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Animal Defense against Predators

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Animal Defense
against Predators
TIP #2 for Chemical Ecology
Phyllis Robinson, Keith Murphy
and Melissa Greene
Animal Defense Against Predators
Throughout millions of years of evolution, animals
have evolved numerous ways of defending themselves
against predators. Obviously, being able to flee
a predator is the choice of many prey animals we
can consider.
However, there are some often overlooked but
interesting methods of defense which involve deception
and chemistry. These include using toxic chemicals,
camouflage, and mimicry.
Animal Defense Against Predators
Presented here are several descriptions
and
examples of animal defense.
1. Chemical Defense
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There are two main ways animals can use
chemicals to defend themselves.
Animals can synthesize toxin using their
own metabolic processes, or they can
accumulate toxin from the food they eat.
1. Chemical Defense
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Animals which synthesize
their own toxin are able
to convert chemical
compounds in their body
to a poison.
There are many
amphibians that produce
skin toxins. The skin
toxins are produced by
special poison glands,
usually located on the
animal's back or
throughout the skin.
Photo courtesy of Dr. John Daly
The poison dart frog has
poison glands scattered
all over its body.
1. Chemical Defense
In another
example, the fire
salamander makes
a nerve poison,
which it can
squirt from glands
on its back.
Photo courtesy of Henk Wallays, Cal. Acad. of Sciences.
1. Chemical Defense
Many animals accumulate
toxin from their food
rather than synthesizing it
from scratch.
Photo courtesy of T. W. Davies, Cal. Acad. of Sciences.
For example, the larvae of
Monarch butterflies accumulate
toxins from the plants they
inhabit. Birds that eat the
Monarchs vomit and learn to
avoid them in the future.
Their bright coloration allows
birds to remember and avoid
them.
1. Chemical Defense
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Interestingly, many organisms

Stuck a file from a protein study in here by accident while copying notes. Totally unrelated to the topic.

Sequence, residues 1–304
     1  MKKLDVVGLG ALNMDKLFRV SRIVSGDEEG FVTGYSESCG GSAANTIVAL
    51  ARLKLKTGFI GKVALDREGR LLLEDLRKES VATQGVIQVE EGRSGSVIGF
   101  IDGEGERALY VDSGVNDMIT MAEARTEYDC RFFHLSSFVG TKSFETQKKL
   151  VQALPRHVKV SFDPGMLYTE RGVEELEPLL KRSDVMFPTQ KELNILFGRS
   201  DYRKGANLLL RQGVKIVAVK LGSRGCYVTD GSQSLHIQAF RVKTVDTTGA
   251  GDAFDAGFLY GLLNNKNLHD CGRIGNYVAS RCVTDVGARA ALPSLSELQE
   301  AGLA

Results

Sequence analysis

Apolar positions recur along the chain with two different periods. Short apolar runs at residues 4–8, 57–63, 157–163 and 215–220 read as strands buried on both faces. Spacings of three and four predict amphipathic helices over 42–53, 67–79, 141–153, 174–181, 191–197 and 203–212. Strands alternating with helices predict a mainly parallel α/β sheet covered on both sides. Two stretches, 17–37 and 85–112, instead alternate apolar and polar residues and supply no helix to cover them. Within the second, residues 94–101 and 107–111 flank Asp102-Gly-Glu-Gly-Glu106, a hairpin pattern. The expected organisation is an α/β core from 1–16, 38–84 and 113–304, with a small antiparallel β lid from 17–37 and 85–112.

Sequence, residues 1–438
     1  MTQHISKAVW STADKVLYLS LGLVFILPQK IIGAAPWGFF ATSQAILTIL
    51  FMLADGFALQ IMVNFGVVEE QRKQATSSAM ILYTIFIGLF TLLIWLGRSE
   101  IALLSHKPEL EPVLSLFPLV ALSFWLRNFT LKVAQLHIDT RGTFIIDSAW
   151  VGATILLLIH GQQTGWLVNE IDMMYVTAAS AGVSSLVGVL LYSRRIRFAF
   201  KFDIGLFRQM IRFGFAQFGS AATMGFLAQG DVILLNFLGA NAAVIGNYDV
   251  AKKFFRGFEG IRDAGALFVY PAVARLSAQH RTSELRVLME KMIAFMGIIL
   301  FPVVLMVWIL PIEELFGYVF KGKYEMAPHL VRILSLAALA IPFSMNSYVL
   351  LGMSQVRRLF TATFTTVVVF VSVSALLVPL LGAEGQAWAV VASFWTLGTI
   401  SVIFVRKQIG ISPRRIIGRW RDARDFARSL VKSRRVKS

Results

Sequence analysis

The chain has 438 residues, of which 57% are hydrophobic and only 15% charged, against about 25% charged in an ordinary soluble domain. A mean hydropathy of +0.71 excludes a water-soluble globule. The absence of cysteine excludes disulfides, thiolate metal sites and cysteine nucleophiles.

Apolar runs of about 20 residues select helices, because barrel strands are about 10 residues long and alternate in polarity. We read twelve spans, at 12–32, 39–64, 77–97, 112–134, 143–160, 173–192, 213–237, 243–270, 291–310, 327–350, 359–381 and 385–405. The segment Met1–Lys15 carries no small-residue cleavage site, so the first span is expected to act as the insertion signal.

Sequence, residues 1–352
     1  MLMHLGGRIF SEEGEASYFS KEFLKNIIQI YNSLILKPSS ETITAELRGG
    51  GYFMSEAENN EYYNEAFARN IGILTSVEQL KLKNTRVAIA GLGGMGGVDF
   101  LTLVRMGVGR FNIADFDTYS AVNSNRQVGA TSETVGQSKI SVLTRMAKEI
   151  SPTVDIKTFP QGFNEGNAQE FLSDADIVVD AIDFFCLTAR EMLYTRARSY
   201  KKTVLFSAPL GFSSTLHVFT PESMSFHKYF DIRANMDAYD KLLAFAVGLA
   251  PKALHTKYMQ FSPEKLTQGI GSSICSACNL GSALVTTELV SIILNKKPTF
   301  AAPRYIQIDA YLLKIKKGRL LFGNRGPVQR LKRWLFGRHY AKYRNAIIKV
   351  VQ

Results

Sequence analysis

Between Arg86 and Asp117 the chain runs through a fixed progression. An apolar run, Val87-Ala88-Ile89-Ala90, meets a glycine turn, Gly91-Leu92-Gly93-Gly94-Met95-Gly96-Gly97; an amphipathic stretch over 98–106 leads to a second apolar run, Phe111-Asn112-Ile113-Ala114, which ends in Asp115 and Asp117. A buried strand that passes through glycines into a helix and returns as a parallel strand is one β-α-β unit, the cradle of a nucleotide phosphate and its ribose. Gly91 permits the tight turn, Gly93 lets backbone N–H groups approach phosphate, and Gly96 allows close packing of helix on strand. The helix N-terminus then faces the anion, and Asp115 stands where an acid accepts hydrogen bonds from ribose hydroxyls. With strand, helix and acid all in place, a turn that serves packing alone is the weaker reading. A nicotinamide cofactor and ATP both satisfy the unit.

which are distasteful advertise
this fact to predators by having
bright body colors or markings,
as if to say, “Notice me! I’m
dangerous!”
1. Chemical Defense
You can see this in the
bright colors of the
Monarch and the
poison dart frog.
Photo courtesy of T. W. Davies, Cal. Acad. of Sciences.
Photo courtesy of Dr. John Daly
1. Chemical Defense
This is called “aposematic
coloration”, and is widely
used among the insects
and amphibians.
The Cream-spot Tiger is
aposematically colored.
2. Camouflage
Animals that camouflage
themselves pretend to be
something they are not.
Either their coloration,
marking patterns, or
entire body resembles
something else in their
environment, here a
leaf, an owl.
2. Camouflage
Here an aptly named
walking stick
pretends to be a
twig, in an attempt
to avoid being seen
by a bird or other
predator. This is
an example of
cryptic coloration.
Photo courtesy of Dr. Lloyd Glenn Ingles, Cal. Acad. of Sciences.
2. Camouflage
In this picture, a foureyed butterfly fish uses
deceptive markings.
The large spot near the
tail resembles an eye.
When predators attack
the wrong end, the
butterfly fish can swim
away in the other
direction!
2. Camouflage
Some predators also depend on camouflage, but
this time it is in order to avoid being seen by their
prey.
Here, a frogfish resembles
a sponge. Small fish
swimming nearby will be
engulfed in the frogfish’s
enormous mouth!
3. Mimicry
In mimicry, an organism (the mimic) closely
resembles another organism (the model) in
order to deceive a third, (the operator). The
model and the mimic are not always closely
related, but both usually live in the same area.
This is similar to camouflage, but in mimicry
the model is generally a similar organism rather
than a static part of the background
environment.
3. Mimicry
There are several types of mimicry.
The two most common types are
Batesian mimicry and
Mullerian mimicry.
John H. Tashjian
3. Mimicry
Batesian mimicry occurs when an edible mimic resembles an
unpalatable or poisonous model. In this type of mimicry,
only the mimic benefits.
An example of Batesian
mimicry is the scarlet king
snake, a non-poisonous
mimic of the extremely
venemous coral snake.
Above: scarlet king snake
Right: coral snake
Photo courtesy of John H. Tashjian,
Cal. Acad. of Sciences.
3. Mimicry
Another example of
Batesian mimicry is
the locust borer.
This insect not only
looks like a bee or
wasp, it sounds like
one, too!
3. Mimicry
By contrast, Mullerian mimicry occurs
when two (or more) distasteful or
poisonous organisms resemble each other.
Both species benefit because a predator
who learns to avoid one species will most
likely avoid the other, too.
3. Mimicry
The two invertebrates on the left are different species
of sea slugs, while the one on the right is a marine
flatworm. All three secrete noxious substances and
are unpalatable. Notice their similar aposematic
coloring.
Review and Summary
Three types of defenses that animals can use
against predators include:
• chemical defense
including synthesizing toxins and
accumulating toxins from food;
Review and Summary
Three types of defenses that animals can use
against predators include:
• chemical defense
• camouflage
including cryptic coloration and
deceptive markings;
Review and Summary
Three types of defenses that animals can use
against predators include:
• chemical defense
• camouflage
• mimicry
including Batesian and Mullerian
mimicry
Review and Summary
Three types of defenses that animals can use
against predators include:
• chemical defense
• camouflage
• mimicry
Animals constantly evolve new and improved
characteristics to capture prey or evade predators;
the ongoing “arms race” has produced some of the
wonderful organisms you have just seen!
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